Sulphate of Strontian
- Class 2. Earths.
- Order 1. Homogeneous.
- Gen. 5. Strontia.
- Spec. 2. Sulphate of.
- Div. 1. Crystallized.
- Spec. Char. Strontian in combination with Sulphuric Acid.
- Schewefel Saurer strontianit. Emmerl. 3. 312.
- Strontiane. Daubenton, tab. 19.
- La Cælestine. Brochant, 1. 640.
- Strontiane sulfatée. Haüy, 2. 313.
Some time in the year 1794 Mr. Tobin, of Bristol, first showed me, and was so good as to give me specimens of Sulphate of Strontian, from Redland, near Bristol; and it had been then but recently discovered, I believe, by himself, and was very little known. This was about the time Mr. Kirwan published his Elements of Mineralogy. We were next indebted to Mr. Clayfield for specimens, who, in 1797, discovered it at Aust Passage, near Bristol. The present figure is partly from one of his specimens. He observes that he discovered detached veins in different parts of the cliff. The strata in which the veins are found are nearly horizontal, consisting of Limestone in different hardnesses, and argillaceous Sandstone intermixed with Clay and Gypsum, and some of the fissues were filled up with Sulphate of Strontian from 3 to 12 inches in thickness.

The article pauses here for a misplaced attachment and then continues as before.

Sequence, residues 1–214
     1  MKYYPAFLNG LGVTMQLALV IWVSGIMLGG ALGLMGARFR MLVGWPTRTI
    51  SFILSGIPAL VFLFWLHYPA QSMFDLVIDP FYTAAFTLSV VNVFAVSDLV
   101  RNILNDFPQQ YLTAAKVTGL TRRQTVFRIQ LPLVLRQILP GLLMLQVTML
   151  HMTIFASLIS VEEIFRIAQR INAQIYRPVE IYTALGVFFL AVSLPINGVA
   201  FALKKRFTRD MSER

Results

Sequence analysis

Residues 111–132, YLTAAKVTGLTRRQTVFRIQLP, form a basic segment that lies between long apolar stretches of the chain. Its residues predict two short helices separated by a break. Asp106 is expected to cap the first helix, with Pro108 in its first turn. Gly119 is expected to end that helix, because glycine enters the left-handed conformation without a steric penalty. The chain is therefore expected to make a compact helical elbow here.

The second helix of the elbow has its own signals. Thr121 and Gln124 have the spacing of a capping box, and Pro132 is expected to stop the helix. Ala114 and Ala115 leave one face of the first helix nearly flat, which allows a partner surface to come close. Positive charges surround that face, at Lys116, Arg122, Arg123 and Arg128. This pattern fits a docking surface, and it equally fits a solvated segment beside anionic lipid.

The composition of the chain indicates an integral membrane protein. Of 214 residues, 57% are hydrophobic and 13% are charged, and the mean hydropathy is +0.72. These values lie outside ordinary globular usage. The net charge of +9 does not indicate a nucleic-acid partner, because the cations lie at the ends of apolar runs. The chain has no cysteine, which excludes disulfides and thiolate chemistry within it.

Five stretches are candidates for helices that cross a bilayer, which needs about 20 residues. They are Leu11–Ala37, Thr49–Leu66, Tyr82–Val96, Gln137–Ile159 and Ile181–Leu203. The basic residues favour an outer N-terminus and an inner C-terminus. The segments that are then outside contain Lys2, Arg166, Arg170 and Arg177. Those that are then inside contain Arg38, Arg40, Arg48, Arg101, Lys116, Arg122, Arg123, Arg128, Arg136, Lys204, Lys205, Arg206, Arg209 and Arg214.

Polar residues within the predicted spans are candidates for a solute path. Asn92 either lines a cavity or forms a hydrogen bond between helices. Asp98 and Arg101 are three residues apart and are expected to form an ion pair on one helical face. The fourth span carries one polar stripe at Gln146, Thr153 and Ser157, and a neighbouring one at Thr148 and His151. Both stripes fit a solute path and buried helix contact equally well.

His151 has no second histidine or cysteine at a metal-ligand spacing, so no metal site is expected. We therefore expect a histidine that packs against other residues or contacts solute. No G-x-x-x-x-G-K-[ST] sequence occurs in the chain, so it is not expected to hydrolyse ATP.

The primitive appears to be a rhomboidal prism of about 105°, and 75° according to Haüy. Ours are a little truncated at the solid angles, otherwise they represent the primitive, and are nearer so than any we have seen or heard of.
The fractures are parallel to the primitive faces, and those of the upper and lower faces are brightest, and often show a sort of opaline lustre. Sometimes we can discern the two diagonal fractures. Cross fracture somewhat splintery, harder than Carbonate of Lime, and softer than Sulphate of Barytes. The natural colour is a little milky and somewhat blueish, whence Werner called it Celestine. It is nearly transparent. Spec. Grav. according to Mr. Clayfield from 3.88 to 3.96; the fibrous about 3.91. Analysis by Mr. Clayfield:
|A little Iron|
Sulphate of Strontian was in many cabinets before this discovery of Mr. Tobin, a Sulphate of Lime, or Sulphate of Barytes,—among others in the Woodwardian Collection at Cambridge, as I am informed by Professor Hailstone.
It is found in Sicily, Mont-Martre near Paris, and in America. Those of Sicily are said to be the finest, and are columnar, not tabular like the Bristol ones.